At this point, it’s easy to conclude that the market price and valuation of the once-a-darling cryptocurrency Terra (LUNA) have reached a point of no return. As seen from Terra Analytics, a significant number of the LUNA is still being launched into circulation, which is hurting and dragging the price into the abyss.
Reckless supply printing killed LUNA
As part of the efforts to instill stability for the blockchain’s algorithmic stablecoin TerraUSD (UST), LUNA was made “the sacrificial lamb,” as many would say. Terraform Labs, the developer Terra blockchain network, opted to raise LUNA’s supply in order to balance out the rate UST-LUNA can be redeemed.
This particular action backfired as LUNA became extremely volatile and plummeted drastically. Yet, Terraform Labs failed to take a break from increasing the circulating supply of LUNA, making the crypto worthless – because there were too many in circulation with no demand.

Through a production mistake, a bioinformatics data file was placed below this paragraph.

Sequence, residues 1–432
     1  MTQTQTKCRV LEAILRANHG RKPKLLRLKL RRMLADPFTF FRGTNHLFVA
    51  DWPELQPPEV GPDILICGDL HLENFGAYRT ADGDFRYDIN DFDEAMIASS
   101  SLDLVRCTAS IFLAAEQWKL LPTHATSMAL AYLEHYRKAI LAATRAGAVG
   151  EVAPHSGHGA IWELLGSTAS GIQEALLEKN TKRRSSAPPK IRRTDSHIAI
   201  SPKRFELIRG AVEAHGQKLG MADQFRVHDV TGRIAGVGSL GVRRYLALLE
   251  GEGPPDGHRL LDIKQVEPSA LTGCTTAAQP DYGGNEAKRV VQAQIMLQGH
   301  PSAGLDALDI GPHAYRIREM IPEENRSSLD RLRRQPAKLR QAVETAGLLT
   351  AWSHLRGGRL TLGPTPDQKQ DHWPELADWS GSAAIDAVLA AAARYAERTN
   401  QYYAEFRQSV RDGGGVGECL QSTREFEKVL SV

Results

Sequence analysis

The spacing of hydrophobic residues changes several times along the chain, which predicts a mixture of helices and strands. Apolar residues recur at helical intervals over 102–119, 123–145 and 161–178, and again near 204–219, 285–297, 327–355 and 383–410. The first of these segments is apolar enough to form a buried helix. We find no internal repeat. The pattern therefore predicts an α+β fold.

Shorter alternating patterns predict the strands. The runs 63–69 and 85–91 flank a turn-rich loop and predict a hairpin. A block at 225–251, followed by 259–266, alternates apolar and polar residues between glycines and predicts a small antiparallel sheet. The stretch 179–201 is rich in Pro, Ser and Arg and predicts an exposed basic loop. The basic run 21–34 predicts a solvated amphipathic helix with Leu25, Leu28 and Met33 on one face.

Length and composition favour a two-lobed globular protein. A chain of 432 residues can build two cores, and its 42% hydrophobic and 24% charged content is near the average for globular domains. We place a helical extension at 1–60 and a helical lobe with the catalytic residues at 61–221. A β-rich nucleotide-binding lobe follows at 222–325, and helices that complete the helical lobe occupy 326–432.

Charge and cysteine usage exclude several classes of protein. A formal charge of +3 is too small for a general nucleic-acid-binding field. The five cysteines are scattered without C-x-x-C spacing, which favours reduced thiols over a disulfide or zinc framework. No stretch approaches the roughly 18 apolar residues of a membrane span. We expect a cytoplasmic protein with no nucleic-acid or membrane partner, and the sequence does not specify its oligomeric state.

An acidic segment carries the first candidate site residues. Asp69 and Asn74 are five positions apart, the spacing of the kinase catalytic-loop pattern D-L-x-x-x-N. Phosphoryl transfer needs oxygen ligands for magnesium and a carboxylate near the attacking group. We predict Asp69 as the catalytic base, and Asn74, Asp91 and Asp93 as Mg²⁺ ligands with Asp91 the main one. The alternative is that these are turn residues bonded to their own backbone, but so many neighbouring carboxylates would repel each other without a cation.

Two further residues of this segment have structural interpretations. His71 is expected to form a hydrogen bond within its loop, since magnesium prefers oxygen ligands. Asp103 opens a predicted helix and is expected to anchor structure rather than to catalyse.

For more context, LUNA’s circulating supply was inflated by 1,911,665% within a period of four days, according to Terra Analytics. On Monday, LUNA’s circulating supply was around 340 million. At present, the same supply sits at over 6.5 trillion but only accounts for a market capitalization of about $186 million.
This is simply a fundamental economic principle panning out with LUNA. With low demand, increasing the supply of an asset could result in a price fall, as seen in the case of LUNA. At the time of writing, the coin was trading at $0.00001143.
Major exchanges like Binance, Bybit, etc., have all delisted futures and certain spot trading pairs related to LUNA and the Terra blockchain’s stablecoin.
Terra’s algorithmic stablecoin UST is trading at $0.126, which represents an 87% decrease from $1. The debacle of UST, which used to be the third-largest stablecoin, leaves yet another ugly experience for crypto participants when it calls for algorithm-based stablecoins. A similar incident happened with Iron Finance stablecoin.
The whole ordeal with Terraform and UST doesn’t speak well of the future prospect of algorithmic stablecoin, and it will draw more regulation attention to stablecoins and cryptocurrency in general. Already, a new report confirms that the incident has fueled US regulators in their efforts to curate a package of legislation for the cryptocurrency market, and it will also “address algorithmic stablecoins.”
While speaking on the UST incident, Rohan Grey, a professor at Willamette University’s law school, said, “this proves that algorithmic stablecoins are probably the riskiest of all.”